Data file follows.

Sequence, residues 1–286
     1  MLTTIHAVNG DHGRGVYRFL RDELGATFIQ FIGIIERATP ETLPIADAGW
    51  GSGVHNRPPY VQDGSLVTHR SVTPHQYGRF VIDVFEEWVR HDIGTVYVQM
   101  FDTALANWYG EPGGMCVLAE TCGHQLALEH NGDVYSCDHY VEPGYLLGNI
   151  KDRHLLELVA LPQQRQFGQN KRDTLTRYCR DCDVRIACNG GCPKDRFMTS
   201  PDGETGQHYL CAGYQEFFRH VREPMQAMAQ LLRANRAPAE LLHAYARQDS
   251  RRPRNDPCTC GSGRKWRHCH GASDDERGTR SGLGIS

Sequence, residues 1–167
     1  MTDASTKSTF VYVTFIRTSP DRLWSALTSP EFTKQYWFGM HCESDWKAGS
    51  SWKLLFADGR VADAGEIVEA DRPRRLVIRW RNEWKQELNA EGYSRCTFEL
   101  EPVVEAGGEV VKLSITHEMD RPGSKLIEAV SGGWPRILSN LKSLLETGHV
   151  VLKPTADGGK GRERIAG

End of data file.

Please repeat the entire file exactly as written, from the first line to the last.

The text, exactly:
Sequence, residues 1–286
     1  MLTTIHAVNG DHGRGVYRFL RDELGATFIQ FIGIIERATP ETLPIADAGW
    51  GSGVHNRPPY VQDGSLVTHR SVTPHQYGRF VIDVFEEWVR HDIGTVYVQM
   101  FDTALANWYG EPGGMCVLAE TCGHQLALEH NGDVYSCDHY VEPGYLLGNI
   151  KDRHLLELVA LPQQRQFGQN KRDTLTRYCR DCDVRIACNG GCPKDRFMTS
   201  PDGETGQHYL CAGYQEFFRH VREPMQAMAQ LLRANRAPAE LLHAYARQDS
   251  RRPRNDPCTC GSGRKWRHCH GASDDERGTR SGLGIS

Sequence, residues 1–167
     1  MTDASTKSTF VYVTFIRTSP DRLWSALTSP EFTKQYWFGM HCESDWKAGS
    51  SWKLLFADGR VADAGEIVEA DRPRRLVIRW RNEWKQELNA EGYSRCTFEL
   101  EPVVEAGGEV VKLSITHEMD RPGSKLIEAV SGGWPRILSN LKSLLETGHV
   151  VLKPTADGGK GRERIAG